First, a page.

The 15th annual Climate Week NYC was hosted by the Climate Group from Sept. 17-24 in partnership with the United Nations (U.N.) General Assembly. Long before then, the world was on notice that things were going to be different this year.
NASA recently announced that the summer of 2023 was Earth's hottest since global records were first kept in 1880. There is a substantial likelihood that 2023 will be the hottest year on record. This global rise in temperatures has been fueled by worldwide increases in greenhouse gas emissions. More apparent than in years past, in 2023 these changes have led to an increase in the intensity and frequency of extreme weather events, such as forest fires, hurricanes, heat waves, floods, droughts, and storms.
Climate Week coincided with the U.N.’s General Assembly, Sustainable Development Goals (SDG) Summit, and Climate Ambition Summit. The U.N.’s message on climate change was dire – the world is far behind on progress toward sustainable development goals, we are running out of time, and immediate action is needed to course correct and accelerate transformation to decarbonization and net zero.
While the theme of Climate Week this year, “We Can. We Will,” was upbeat, the tone was equally grim. As Helen Clarkson. CEO of the Climate Group stated in her opening remarks, “the planet keeps tapping us on the shoulder: ‘You’re not going fast enough … you’re Just. Not. Going. Fast enough.’”
In past years, the consistent lament (stated in many different ways) has been over the failure to turn climate rhetoric into action. A lot of lofty commitments have been made to meet the U.N.’s sustainable development goals (SDGs) and achieve net zero, but there has been little real progress.
Coming into Climate Week this year, however, recent developments have set the stage to move from planning to results. Among the most impactful of these developments in the U.S.: Funds have started to flow from the Inflation Reduction Act and Bilateral Infrastructure Law and are being invested in decarbonization and energy efficiency projects large and small, along with clean energy infrastructure, and a national network of clean hydrogen hubs. The European Union is following a similar path with its Green Deal Industrial Plan and proposed Net-Zero Industry Act (NZIA) to scale up EU manufacturing of key carbon neutral technologies to facilitate the clean-energy transition.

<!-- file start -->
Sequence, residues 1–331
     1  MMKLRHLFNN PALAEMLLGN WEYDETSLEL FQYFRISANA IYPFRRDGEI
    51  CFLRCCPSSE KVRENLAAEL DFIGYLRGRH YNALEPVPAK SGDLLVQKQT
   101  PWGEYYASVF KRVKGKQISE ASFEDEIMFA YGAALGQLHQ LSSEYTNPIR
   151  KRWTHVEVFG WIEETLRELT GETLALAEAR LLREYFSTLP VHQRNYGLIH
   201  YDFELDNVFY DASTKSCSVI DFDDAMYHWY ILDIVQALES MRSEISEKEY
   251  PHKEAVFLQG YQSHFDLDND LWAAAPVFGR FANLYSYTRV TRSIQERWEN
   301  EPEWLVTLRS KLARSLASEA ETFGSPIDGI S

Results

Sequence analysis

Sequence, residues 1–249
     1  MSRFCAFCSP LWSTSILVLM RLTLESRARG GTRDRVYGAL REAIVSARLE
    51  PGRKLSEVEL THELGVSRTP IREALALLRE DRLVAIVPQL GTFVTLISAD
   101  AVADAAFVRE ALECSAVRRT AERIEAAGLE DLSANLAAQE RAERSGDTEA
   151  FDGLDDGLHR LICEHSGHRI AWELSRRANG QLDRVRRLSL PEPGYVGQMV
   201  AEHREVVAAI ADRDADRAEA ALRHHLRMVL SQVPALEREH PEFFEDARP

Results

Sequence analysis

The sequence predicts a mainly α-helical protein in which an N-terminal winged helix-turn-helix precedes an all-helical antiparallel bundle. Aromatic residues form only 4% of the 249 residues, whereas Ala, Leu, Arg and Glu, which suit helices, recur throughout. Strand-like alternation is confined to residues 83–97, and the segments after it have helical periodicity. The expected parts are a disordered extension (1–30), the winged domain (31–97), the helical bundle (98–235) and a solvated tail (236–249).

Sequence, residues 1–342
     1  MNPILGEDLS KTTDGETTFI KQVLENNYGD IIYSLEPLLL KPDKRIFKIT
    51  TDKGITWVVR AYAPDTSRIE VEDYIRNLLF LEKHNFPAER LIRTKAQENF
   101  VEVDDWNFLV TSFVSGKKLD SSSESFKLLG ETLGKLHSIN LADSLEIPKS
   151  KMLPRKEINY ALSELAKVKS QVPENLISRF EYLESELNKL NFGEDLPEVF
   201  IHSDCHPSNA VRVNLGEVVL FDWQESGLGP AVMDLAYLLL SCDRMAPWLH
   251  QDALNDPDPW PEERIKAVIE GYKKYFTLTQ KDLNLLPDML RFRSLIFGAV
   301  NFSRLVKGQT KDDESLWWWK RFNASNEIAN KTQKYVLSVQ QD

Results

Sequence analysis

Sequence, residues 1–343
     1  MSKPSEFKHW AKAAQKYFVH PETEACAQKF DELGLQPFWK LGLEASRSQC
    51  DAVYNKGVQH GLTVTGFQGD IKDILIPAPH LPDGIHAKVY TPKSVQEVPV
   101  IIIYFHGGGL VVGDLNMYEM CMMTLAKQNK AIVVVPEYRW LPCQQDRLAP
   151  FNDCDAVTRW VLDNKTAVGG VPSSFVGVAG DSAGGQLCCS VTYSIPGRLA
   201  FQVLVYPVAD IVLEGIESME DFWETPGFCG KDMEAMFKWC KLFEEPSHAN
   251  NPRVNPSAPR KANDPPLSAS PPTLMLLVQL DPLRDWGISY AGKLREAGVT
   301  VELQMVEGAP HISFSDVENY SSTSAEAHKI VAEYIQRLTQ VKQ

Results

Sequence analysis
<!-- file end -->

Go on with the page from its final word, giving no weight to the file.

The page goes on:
In parallel with these investments, this past year there has been significant movement toward uniform global sustainability, climate, and nature-related disclosure frameworks that provide mechanisms for consistent measurement of progress.
Notable Announcements During Climate Week 2023
Against that backdrop, there were a number of big announcements during Climate Week that build on these developments and – perhaps to the surprise of some – show real promise of picking up the pace toward reaching climate goals. These included announcements of the availability of billions more public and private dollars to fund climate pollution and emission reductions in the U.S. and developing countries. Additionally, the U.S. Department of the Treasury issued new guidance on best practices for financial institutions that have made net-zero commitments. That release was accompanied by an announcement of substantial private support to help financial institutions develop and execute those commitments and to facilitate deployment of private capital to address the impacts of climate change.